Avacincaptad pegol shows potential in geographic atrophy secondary to AMD
In eyes with age-related macular degeneration (AMD), intravitreal administration of the complement C5 inhibitor avacincaptad pegol appears to reduce the growth of geographic atrophy (GA), according to the results of a phase II/III trial.
A total of 286 patients with GA secondary to AMD participated in the trial. The first part of the trial included 77 patients, of which 26 received avacincaptad pegol at 1 mg, 25 at 2 mg dose, and 26 the sham treatment. Meanwhile, the second part of the trial involved 209 patients, among whom 42 were given avacincaptad pegol at 2 mg, 83 at 4 mg, and 84 the sham. The patients received their treatment via intravitreal injections given once a month for a total of 18 months.
Measured by fundus autofluorescence, mean rate of GA growth (square root transformation) decreased significantly with avacincaptad pegol 2 mg (27.4 percent; p=0.0072) and 4 mg (27.8 percent; p=0.0051) than with their corresponding sham cohorts over 12 months.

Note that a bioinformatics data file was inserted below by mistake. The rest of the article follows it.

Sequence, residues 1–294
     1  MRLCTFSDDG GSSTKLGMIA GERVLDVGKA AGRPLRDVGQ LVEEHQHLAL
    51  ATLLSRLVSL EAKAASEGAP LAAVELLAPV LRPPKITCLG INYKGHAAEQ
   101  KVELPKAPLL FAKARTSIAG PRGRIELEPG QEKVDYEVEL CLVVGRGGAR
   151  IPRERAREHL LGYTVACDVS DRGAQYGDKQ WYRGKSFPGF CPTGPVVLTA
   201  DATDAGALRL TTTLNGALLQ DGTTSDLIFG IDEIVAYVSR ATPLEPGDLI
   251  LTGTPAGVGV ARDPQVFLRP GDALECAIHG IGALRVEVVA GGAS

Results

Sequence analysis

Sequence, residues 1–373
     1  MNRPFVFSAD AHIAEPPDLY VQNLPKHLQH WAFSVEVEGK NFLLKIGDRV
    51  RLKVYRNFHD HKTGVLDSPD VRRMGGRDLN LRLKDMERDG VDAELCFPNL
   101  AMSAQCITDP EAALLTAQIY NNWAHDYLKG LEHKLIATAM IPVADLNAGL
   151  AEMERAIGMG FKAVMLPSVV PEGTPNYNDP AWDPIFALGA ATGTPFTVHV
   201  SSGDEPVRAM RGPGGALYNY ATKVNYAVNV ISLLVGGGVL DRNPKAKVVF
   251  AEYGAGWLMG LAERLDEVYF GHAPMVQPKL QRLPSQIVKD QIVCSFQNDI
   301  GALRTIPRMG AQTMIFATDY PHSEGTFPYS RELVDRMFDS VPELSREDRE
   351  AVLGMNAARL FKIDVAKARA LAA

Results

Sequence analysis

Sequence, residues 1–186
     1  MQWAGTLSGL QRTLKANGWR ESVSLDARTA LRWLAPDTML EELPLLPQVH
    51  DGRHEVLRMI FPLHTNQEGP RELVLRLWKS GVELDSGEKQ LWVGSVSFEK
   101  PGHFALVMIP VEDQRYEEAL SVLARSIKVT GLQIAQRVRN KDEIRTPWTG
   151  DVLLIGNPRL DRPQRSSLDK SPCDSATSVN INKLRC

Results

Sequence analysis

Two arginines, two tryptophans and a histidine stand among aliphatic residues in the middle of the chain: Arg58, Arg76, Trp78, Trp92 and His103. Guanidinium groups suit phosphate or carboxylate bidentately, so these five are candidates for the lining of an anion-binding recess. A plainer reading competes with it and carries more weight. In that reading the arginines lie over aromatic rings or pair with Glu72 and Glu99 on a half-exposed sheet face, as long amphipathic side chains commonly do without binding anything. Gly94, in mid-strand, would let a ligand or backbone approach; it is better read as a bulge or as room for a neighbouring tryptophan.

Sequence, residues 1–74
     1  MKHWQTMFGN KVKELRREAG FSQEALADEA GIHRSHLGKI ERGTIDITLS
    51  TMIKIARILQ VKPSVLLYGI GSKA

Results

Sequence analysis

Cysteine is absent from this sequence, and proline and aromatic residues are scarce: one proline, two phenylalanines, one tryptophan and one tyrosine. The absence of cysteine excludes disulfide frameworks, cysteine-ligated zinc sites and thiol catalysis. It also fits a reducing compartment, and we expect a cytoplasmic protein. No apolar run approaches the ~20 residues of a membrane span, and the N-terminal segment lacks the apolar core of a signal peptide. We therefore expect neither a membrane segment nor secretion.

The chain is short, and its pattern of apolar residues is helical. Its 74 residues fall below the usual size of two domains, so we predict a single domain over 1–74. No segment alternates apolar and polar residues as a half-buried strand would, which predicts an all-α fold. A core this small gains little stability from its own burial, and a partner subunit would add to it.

The treatment effect was observed as early as month 6 and was maintained at month 12.
Safety data showed that the drug was generally well tolerated. There were no treatment-related adverse events (AEs) or inflammation documented. None of the patients developed serious ocular AEs (AEs) and endophthalmitis. The most frequent ocular AEs were related to the injection procedure.
The present data demonstrated that complement C5 inhibition slowed the progression of GA over 12 months in eyes with AMD. Because C5 inhibition is said to preserve C3 activity, it may offer additional safety advantages.